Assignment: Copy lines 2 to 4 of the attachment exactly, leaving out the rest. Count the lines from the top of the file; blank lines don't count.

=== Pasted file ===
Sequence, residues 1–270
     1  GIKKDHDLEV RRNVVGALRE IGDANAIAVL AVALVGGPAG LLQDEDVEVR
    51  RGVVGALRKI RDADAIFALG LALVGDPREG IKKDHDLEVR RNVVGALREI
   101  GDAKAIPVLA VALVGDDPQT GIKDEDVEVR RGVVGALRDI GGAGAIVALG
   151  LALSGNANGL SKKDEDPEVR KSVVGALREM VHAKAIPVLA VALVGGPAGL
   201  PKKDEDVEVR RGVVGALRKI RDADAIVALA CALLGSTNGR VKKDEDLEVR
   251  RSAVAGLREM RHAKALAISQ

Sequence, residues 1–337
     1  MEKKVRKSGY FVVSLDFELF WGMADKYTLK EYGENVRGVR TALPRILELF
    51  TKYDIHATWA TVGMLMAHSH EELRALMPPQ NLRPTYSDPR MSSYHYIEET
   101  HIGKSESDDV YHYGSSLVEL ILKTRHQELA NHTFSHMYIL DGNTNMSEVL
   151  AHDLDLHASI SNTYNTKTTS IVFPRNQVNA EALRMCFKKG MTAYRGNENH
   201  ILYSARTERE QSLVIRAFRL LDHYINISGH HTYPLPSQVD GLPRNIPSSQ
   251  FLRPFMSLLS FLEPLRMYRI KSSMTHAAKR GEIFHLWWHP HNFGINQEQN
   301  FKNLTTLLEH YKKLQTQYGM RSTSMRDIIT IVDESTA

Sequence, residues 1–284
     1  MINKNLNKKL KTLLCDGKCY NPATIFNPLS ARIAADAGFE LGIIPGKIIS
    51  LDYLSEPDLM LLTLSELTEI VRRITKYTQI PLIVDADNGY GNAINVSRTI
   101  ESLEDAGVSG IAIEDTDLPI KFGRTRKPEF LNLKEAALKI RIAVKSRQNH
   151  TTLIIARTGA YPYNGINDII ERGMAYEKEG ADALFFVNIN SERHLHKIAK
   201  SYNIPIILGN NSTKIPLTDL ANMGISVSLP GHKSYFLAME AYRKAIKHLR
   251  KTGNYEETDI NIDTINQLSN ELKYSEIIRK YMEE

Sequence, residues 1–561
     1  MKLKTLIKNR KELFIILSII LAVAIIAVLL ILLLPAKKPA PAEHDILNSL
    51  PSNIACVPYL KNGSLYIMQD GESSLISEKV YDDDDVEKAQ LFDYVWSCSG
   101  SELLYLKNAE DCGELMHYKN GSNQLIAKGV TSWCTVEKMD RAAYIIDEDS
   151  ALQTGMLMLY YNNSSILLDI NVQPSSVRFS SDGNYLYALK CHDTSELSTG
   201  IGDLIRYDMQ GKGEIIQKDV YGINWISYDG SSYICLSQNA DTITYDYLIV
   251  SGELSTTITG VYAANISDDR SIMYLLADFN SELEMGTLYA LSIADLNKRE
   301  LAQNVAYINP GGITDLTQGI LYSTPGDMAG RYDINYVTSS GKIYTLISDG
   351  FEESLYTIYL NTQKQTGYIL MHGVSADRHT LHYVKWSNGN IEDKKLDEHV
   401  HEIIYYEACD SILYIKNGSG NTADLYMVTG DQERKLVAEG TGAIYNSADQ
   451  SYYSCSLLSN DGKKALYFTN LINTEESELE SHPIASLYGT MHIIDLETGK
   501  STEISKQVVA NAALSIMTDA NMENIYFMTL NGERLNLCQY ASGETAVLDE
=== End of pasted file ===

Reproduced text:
     1  GIKKDHDLEV RRNVVGALRE IGDANAIAVL AVALVGGPAG LLQDEDVEVR
    51  RGVVGALRKI RDADAIFALG LALVGDPREG IKKDHDLEVR RNVVGALREI
   101  GDAKAIPVLA VALVGDDPQT GIKDEDVEVR RGVVGALRDI GGAGAIVALG